In Britain mushroom picking is gaining the momentum, in tandem with the general foodie movement. More and more of the trendy and middle-class yearn to re-connect with the nature and start baking bread, grow their own veg - and go mushroom picking. Mr J and I finally succumbed to the lure of the shroom last Saturday - after years of me melancholicly reminiscing of my childhood 'po-griby' memories and wet and mossy Estonian forests, we got out the basket that we had optimistically bought in Suzdal, near Moscow, one fine summer morning a few years back....but we needed a guide.

Andy with his years of mushrooming experience and a fun 'Fungi to be with' website was to be the one. He met us and 20 or 30 other shroom-hopefuls in the car park in Hampstead on a sparklingly beautiful November morning. The mixture of us was young (ish), cosmopolitan (ish with me the Russian and a Spanish couple showing our eagerness by bringing big woven baskets) and surprisingly short on kiddies. Andy is clearly bonkers about mushrooms and has spent years learning the tantalising Latin names of various toadstools - how about Laccaria amethystea, or a 'common' Amethyst Deceiver or Coprinus comatos for a wonderfully smelling Shaggy Ink Cup?

Apparently there are some 4000-5000 types of mushrooms in the UK and, according to Andy, about 20 of them are popular edible species and about the same are seriously poisonous; many more are in the in-between state of being tasteless and/or mildly diarrhea inducing. The best way to start learning about species is to memorize 2-3 types that are highly distinctive - I hurriedly jotted down 'red tinted gills - bad', but really rules are impossible since for every 'good' white gill there is a 'bad white gill and, anyway, for an untrained eye so many mushrooms look so similar!

Ceps are the best known and highly prized (a 'white' or belyj grip in Russian) - sturdy and off-white pretty fungi who like beeches and sandy soils; they are not too rare but my childhood memories are full of what felt like unrealistic dreams of finding a big Cep, which in fact matched the moods of the English woods...The Funnel Cap (Andy is showing on the left) is more common - they remind me Russian lisichki, or foxies, although bigger and floppier.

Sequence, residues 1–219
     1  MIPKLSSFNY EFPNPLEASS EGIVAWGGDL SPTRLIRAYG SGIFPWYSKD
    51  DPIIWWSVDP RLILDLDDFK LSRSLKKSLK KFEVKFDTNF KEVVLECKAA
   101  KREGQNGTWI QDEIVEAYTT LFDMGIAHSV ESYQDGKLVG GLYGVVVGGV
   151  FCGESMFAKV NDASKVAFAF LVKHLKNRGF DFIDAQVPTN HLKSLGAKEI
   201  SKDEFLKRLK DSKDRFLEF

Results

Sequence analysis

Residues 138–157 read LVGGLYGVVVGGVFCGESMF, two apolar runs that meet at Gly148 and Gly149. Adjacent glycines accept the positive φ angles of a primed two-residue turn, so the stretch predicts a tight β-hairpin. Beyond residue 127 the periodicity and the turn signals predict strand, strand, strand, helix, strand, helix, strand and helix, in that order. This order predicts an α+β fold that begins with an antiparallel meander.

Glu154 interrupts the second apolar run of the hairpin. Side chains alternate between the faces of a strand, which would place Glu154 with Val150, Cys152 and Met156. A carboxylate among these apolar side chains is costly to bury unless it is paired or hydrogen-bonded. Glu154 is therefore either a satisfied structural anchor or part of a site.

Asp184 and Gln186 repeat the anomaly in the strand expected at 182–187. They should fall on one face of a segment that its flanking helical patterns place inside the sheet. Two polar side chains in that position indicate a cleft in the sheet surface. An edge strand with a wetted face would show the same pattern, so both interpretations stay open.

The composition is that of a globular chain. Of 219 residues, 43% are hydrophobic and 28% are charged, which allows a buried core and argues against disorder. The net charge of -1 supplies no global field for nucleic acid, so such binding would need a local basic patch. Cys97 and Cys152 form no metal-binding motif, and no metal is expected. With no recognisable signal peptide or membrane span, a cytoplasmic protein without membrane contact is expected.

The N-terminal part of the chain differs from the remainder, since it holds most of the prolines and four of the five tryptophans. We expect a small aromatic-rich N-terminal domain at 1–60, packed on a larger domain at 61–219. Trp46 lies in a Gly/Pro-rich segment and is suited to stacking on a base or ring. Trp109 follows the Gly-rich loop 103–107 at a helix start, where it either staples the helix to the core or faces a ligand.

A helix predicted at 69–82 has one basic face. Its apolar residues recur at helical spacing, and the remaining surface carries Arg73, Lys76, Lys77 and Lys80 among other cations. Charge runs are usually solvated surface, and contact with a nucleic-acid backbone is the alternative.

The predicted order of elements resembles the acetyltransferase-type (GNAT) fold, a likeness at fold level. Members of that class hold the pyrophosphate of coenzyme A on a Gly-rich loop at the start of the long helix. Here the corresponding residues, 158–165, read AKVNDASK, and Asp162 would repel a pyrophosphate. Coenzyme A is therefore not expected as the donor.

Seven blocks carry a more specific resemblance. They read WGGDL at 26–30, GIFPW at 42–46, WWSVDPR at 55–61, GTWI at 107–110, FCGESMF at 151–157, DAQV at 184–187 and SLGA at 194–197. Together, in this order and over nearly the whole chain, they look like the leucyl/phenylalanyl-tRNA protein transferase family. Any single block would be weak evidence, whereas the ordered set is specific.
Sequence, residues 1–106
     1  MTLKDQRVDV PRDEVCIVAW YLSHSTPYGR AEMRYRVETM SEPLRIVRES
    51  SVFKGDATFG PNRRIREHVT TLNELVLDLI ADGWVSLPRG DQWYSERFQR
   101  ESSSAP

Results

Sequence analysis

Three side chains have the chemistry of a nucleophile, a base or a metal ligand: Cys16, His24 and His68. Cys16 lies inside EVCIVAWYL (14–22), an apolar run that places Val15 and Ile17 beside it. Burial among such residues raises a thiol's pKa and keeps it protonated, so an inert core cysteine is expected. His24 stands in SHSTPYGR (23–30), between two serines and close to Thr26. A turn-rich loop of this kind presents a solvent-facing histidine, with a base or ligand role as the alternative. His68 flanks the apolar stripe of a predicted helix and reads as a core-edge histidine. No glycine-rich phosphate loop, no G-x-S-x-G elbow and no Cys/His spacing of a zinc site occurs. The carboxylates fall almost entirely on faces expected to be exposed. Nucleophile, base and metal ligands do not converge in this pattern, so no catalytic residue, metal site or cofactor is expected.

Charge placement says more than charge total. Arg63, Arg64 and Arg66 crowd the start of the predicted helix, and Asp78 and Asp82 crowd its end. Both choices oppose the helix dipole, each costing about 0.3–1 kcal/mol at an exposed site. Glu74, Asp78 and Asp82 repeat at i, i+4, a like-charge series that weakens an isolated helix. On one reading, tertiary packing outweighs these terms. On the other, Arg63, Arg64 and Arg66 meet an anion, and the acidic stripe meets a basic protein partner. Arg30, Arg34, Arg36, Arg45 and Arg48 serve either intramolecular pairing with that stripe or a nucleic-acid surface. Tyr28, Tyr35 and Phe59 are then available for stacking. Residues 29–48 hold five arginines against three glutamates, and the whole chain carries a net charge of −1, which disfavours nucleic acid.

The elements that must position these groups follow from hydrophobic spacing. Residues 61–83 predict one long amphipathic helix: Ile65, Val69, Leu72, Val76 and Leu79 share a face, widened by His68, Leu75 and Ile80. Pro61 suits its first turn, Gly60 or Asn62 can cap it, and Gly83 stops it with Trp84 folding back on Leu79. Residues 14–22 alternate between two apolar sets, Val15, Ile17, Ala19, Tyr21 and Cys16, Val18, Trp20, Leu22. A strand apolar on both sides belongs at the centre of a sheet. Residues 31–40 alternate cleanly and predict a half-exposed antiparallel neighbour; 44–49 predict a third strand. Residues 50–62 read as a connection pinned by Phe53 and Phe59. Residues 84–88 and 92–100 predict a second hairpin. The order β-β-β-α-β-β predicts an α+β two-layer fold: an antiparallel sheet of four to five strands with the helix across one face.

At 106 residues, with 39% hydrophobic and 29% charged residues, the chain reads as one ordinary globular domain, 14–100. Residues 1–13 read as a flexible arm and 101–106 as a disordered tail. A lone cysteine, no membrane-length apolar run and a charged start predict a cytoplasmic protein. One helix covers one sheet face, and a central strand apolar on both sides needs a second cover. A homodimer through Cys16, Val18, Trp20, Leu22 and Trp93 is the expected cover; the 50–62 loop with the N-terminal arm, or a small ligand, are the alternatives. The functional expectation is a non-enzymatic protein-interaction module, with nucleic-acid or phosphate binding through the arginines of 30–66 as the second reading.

The search started very slowly, with most of us not spotting anything at all, but with time (we spent about three hours in the park darting around) we started seeing shapes and colours all of the place, dragging the toads out, showing them to Andy who, 2 out of 3, would thoughtfully say a convoluted Latin name and eventually a dismissive 'no good'...

The deeper we went into bushes and trees, the more things we started to felt like a Treasure Hunt! First you are in a complete unknown, but as your eye and head get accustomed to the patterns of the surroundings you begin spotting more and more...the more inaccessible, thorny and wet the place is, the more likely we were to uncover shrooms. Fungi obviously like co-habiting with trees - it's a cosy cross-system whereby one helps the other - but you are more likely to spot a little glossy cap a few meters away from a tree - tree's roots can be as long as its height, and since mushrooms are often living off these roots you need to look further afield. And a stick does help.

At the end we managed to gather a good half a basket: a few Wood blewits - gorgeous lilac-y and floppy, a handful of the Deceivers - cute little orange round caps and lots and lots of Buttercaps - unattractive spindly things, the lenght of your palm, with shiny dark brown tops. Oh, the red one above is a lucky find of one of our shroom-comrades - Fly Agaric, in Russian matchingly called Mukhomor, the one that exhausts or starves flies. You get a fantastic image of this half plant, half animal creature seducing flies to approach and stay...

I have intense memories of coming back home with my parents after a day's of mushroom gathering, sitting next to a fireplace, laying the found treasures carefully on a newspaper, sorting them, carefully cleaning them..I remember some mushroom always the types that had to be de-skinned before being fried with lots of onions and sourcream - does
anyone Russian know or remember why these mushroom had to be cleaned?

Mr J and I followed the same cosy tradition - with an addition of a newly purchased mushroom cleaner. An adorable and extremely useful gadget that sweeps dirt off mushrooms (washing them in water is a big no, since they'll become all soggy and waterlogged). From the handful of what was left I cooked up an autumnal treat of shrooms stewed briefly in a little garlic, butter and cream, piled up on clouds of creamy mustardy mash - a truly warm-your-cockles feast.